A source close to the NCAA investigation of Ole Miss told David Brandt of the Associated Press that 13 of the 28 allegations levied against the school pertain to football and that nine of those concern the current coaching staff. ESPN has since confirmed the report with multiple sources.
Those numbers are significantly higher than what was initially reported when news of the NCAA's Notice of Allegations broke two weeks ago. At the time, Ole Miss sources told numerous media outlets, including SB Nation, that the large majority of the allegations came against track and women's basketball, and of those that came against football, most pertained to Houston Nutt's staff.
The latest reports state that violations are a mix of Level I, II and III (Level I is the most serious). Those that occurred under the current staff are "low-level violations" and none of the allegations mention Hugh Freeze by name, according to ESPN. Ole Miss officials reiterated to ESPN that there "were no surprises" in the NCAA's Notice of Allegations.
According to ESPN sources, this is the breakdown of the nine alleged violations since Freeze was hired:
(The first four on this list were all self-reported by Ole Miss)
- A coach contacting a recruit during a designated non-contact evaluation period.
- Creating an improper recruiting video outside the locker room.
- A booster illegally transporting a recruit to campus.
- A stepfather of a recruit having his lodging paid for during an official visit (a rule that has since been changed by the NCAA).
- Five violations for the Laremy Tunsil scandal, including use of a loaner car and spending the night at the house of an Ole Miss assistant coach.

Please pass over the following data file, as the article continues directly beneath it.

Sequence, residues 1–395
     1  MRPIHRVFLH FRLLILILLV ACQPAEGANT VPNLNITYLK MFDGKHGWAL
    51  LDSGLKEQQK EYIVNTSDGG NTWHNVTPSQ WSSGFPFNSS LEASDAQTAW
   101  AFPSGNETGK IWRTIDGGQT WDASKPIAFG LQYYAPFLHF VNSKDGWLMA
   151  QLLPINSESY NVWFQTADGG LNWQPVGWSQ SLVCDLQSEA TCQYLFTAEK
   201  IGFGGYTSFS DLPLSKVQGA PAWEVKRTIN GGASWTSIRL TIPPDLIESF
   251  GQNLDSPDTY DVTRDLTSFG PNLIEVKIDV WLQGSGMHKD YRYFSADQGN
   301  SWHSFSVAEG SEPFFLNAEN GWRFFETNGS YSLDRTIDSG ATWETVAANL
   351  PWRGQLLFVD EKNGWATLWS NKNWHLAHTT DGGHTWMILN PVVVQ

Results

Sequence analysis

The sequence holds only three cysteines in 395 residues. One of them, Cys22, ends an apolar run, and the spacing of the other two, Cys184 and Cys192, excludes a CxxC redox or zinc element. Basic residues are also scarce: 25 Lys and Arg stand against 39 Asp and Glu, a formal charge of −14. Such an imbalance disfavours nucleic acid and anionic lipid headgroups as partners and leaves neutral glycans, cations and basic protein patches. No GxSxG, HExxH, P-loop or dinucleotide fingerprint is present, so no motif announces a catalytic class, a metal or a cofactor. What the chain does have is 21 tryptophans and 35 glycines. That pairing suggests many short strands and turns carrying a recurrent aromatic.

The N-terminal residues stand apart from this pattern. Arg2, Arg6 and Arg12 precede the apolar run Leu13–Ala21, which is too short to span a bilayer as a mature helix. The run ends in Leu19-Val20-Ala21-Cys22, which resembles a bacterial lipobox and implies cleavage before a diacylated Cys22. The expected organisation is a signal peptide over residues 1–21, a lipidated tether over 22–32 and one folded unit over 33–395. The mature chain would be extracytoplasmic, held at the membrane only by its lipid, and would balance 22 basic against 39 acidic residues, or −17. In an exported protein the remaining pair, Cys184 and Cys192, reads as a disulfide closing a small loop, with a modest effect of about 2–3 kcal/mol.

The remaining four allegations reportedly tie in with David Saunders, the former Houston Nutt assistant that was recently disciplined by the NCAA for recruiting violations while coaching at Louisiana-Lafayette.
There's also this from Brandt:
Ole Miss has already released some self-reported football violations over the past year, including that a "representative of athletics interests" provided transportation for potential recruits on six different occasions from 2011 to '14.
There was also a self-report where an assistant coach -- whose name was redacted from documents -- made improper contact with a recruit at a high school.
For those suggesting that Athletics Director Ross Bjork lied two weeks ago, go back and read his statement. While he doesn't mention the four new allegations, nothing in the statement clashes with the most recent reports:
Included in the notice are alleged violations of NCAA bylaws in women's basketball in 2012; track and field in 2012-13; and in football, with many of the allegations dating back to the former football staff in 2010 and the withholding and reinstatement process around Laremy Tunsil in fall of 2015.